Crunching the numbers: Can the Brexit deal get through Parliament?

By Chris Hughes and Simon Fitzpatrick

As we wrote earlier today, Theresa May faces a major challenge in seeking to get the Withdrawal Agreement and Declaration on the Future Relationship which she has negotiated with the European Union through Parliament.  Commentators have formed a consensus that the Prime Minister does not have anything like the votes to get her deal through Parliament. However, if political events of recent years have taught us anything, it is that the consensus view is worth interrogating. Here we set out some of the possible scenarios:

The worst-case scenario for the Government: A big rebellion and a united opposition

There are at least 96 Conservative MPs who have publicly indicated that they will vote against the deal, according to Buzzfeed’s Alex Wickham. If we assume also that the 10 DUP MPs vote against it, as they are indicating they will, that would result in a 106-vote rebellion. If we assume also that the opposition parties vote unanimously against, it would deliver a massive defeat of 197 votes.

A smaller rebellion

Let’s consider a less dramatic scenario. Instead of 96 Tories voting against, we imagine that only the most vociferously opposed – the 27 that have publicly declared no confidence in the Prime Minister –vote against the deal. Let’s also assume there are at least five Labour MPs who back the deal. That would see a Government defeat of 47 votes. In that instance just 24 MPs are required to switch sides to see the Government home. If the DUP could somehow be persuaded to come back into the tent, then it could be ‘game on for the Government’ with the option to go around and try a second time.

A path to victory for the Government, with some Opposition support

The balance of probability is tilted against the deal getting through Parliament. But this Government has survived very difficult votes before. The vote is not scheduled to take place for two weeks, and a concerted operation to sell the deal is now underway.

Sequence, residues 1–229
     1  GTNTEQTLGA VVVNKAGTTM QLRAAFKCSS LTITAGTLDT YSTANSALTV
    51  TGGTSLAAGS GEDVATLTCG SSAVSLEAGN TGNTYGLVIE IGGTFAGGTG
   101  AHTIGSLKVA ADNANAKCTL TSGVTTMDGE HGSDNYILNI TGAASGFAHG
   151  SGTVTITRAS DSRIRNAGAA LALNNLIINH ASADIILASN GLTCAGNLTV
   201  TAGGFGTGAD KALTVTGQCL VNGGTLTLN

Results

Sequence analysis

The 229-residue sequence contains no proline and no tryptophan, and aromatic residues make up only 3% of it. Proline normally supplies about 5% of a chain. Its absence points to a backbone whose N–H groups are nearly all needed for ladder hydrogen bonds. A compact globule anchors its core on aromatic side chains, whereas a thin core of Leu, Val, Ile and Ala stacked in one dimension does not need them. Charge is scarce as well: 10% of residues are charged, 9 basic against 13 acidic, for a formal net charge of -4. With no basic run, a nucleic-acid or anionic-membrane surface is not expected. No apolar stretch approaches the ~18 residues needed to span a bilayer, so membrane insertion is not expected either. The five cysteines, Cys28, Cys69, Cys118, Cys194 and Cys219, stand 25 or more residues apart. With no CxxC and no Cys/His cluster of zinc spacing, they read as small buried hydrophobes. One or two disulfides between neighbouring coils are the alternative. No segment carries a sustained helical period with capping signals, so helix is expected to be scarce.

Ministers, Government Whips and advisors are using three arguments to try to win MPs round: first, the public just wants us to get on and deliver Brexit; second, this is the only deal that is on offer and the EU is clear that there is no scope to re-open negotiations; and third (depending on the recipient of the message), if you vote this down, you run the risk of No Deal (for remainers) or No Brexit (for leavers). The PM is also trying to sell the deal directly to the public through speeches, broadcast interviews, radio phone-ins and possibly even a head-to-head debate with Jeremy Corbyn.

Even then it will be tough to reduce the number of Tory MPs against the deal below 30, even with the Whips working all their magic. The effort to grow the number of Labour MPs (or, dare we say it, even SNP ones) prepared to back the deal will be of paramount importance. It does not look promising so far, with the likes of Lisa Nandy and Gareth Snell – considered potential supporters – stating that they will vote against, along with Labour Brexiteers like Kate Hoey and Dennis Skinner. Last night, the Prime Minister’s Chief of Staff Gavin Barwell and Cabinet Office Minister David Lidington briefed Labour MPs to try to persuade them why they should back the deal.

Reports suggest they did not have much success, with one Labour MP telling the pair that if Downing St wanted to persuade them, they should have started talking to them six months ago. That may be so, but the Government doesn’t have six months now – it has two weeks. If they could somehow find a way to up the number of Labour MPs who might back the deal to say 20, win round the DUP and keep the Conservative rebellion to a minimum, there might just be a path to a narrow victory. However, these are all very big ‘ifs’.

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Chris Hughes

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